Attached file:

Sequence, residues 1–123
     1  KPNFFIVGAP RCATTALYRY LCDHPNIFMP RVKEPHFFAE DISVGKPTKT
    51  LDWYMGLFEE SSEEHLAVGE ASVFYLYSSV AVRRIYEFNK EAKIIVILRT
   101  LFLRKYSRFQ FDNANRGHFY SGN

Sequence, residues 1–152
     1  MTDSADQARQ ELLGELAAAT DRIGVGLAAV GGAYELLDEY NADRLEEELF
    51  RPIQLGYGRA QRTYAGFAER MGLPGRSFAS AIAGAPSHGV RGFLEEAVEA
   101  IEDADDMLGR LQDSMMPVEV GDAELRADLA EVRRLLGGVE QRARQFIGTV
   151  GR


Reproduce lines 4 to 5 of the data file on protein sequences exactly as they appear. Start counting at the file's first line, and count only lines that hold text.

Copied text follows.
   101  LFLRKYSRFQ FDNANRGHFY SGN

Sequence, residues 1–152